The Wanderer's Necklace eBook

This eBook from the Gutenberg Project consists of approximately 348 pages of information about The Wanderer's Necklace.

“It seems that you are more interested than your niece, who has never spoken a word to me concerning her,” answered Palka.  “Well, since you are a man, I should not have thought this strange, had you not been blind, for they say she was the most beautiful woman in Egypt.  As for her fate, you must ask God, since none know it.  When the army of Musa was encamped yonder by the Nile my husband, Marcus, who had taken two donkey-loads of forage for sale to the camp and was returning by moonlight, saw her run past him, a red knife in her hand, her face set towards the Gateway of the Kings.  After that he saw her no more, nor did anyone else, although they hunted long enough, even in the tombs, which the Moslems, like our people, fear to visit.  Doubtless she fell or threw herself into some hole in the rocks; or perhaps the wild beasts ate her.  Better so than that a child of the old Pharaohs should become the woman of an infidel.”

“Yes,” I answered, “better so.  But why do folk fear to visit those tombs of which you speak, Palka?”

“Why?  Because they are haunted, that is all, and even the bravest dread the sight of a ghost.  How could they be otherwise than haunted, seeing that yonder valley is sown with the mighty dead like a field with corn?”

“Yet the dead sleep quietly enough, Palka.”

“Aye, the common dead, Hodur; but not these kings and queens and princes, who, being gods of a kind, cannot die.  It is said that they hold their revels yonder at night with songs and wild laughter, and that those who look upon them come to an evil end within a year.  Whether this be so I cannot say, since for many years none have dared to visit that place at night.  Yet that they eat I know well enough.”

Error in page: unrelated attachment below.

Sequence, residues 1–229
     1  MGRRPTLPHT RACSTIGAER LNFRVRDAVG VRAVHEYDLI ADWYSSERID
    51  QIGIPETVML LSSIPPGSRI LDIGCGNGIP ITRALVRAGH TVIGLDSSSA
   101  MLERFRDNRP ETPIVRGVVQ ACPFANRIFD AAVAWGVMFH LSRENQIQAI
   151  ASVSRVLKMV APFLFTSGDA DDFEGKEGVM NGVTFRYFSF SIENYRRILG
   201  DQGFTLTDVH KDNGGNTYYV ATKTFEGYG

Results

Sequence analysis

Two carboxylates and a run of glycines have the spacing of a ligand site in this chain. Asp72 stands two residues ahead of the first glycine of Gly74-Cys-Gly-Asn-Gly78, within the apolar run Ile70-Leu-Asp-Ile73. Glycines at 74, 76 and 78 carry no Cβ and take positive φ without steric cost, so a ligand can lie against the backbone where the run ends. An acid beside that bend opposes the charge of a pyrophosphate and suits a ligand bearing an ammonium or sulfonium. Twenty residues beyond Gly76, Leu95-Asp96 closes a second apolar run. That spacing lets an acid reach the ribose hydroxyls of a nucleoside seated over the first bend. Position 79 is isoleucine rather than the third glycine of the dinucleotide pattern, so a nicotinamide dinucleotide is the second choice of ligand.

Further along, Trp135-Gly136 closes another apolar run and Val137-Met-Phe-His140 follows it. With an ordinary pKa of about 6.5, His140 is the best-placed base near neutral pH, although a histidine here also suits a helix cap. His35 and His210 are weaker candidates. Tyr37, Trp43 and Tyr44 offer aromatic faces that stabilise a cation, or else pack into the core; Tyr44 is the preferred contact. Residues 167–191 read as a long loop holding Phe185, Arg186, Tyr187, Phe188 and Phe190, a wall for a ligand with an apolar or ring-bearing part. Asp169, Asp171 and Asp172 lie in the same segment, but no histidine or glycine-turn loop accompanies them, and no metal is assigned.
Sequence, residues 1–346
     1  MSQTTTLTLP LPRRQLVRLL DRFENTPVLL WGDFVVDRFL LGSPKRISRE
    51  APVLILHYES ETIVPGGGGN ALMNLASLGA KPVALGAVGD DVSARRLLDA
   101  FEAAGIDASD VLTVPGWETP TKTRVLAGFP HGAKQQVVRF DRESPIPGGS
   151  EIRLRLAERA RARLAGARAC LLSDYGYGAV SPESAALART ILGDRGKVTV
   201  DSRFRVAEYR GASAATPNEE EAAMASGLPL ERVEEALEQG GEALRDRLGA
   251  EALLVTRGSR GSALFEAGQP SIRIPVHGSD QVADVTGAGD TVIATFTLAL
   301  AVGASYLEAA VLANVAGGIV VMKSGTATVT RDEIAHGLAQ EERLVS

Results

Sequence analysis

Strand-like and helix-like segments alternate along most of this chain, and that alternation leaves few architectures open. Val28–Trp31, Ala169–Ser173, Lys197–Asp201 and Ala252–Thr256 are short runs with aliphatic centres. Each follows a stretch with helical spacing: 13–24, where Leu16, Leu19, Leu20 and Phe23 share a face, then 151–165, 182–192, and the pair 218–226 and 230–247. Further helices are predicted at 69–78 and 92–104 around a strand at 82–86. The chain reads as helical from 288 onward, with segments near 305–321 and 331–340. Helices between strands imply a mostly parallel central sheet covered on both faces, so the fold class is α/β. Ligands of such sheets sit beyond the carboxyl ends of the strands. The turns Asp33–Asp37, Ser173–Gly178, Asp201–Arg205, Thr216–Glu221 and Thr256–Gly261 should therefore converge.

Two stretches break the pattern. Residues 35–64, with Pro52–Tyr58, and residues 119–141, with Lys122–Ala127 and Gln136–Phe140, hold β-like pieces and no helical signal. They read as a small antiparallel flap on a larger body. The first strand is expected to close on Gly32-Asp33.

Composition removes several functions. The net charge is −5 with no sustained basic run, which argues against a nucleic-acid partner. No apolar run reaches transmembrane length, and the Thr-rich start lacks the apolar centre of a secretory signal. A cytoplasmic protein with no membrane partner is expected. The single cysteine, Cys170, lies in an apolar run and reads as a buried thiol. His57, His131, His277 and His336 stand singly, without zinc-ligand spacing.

“How do you know, Palka?”

“For a good reason.  With the others in this village I supply the offerings of their food.  The story runs that once the great building, of which this house is a part, was a college of heathen priests whose duty it was to make offerings to the dead in the royal tombs.  When the Christians came, those priests were driven away, but we of Kurna who live in their house still make the offerings.  If we did not, misfortune would overtake us, as indeed has always happened if they were forgotten or neglected.  It is the rent that we pay to the ghosts of the kings.  Twice a week we pay it, setting food and milk and water upon a certain stone near to the mouth of the valley.”

“Then what happens, Palka?”

“Nothing, except that the offering is taken.”

“By beggar folk, or perchance by wild creatures!”

“Would beggar folk dare to enter that place of death?” she answered with contempt.  “Or would wild beasts take the food and pile the dishes neatly together and replace the flat stones on the mouths of the jars of milk and water, as a housewife might?  Oh! do not laugh.  Of late this has always been done, as I who often fetch the vessels know well.”

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The Wanderer's Necklace from Project Gutenberg. Public domain.
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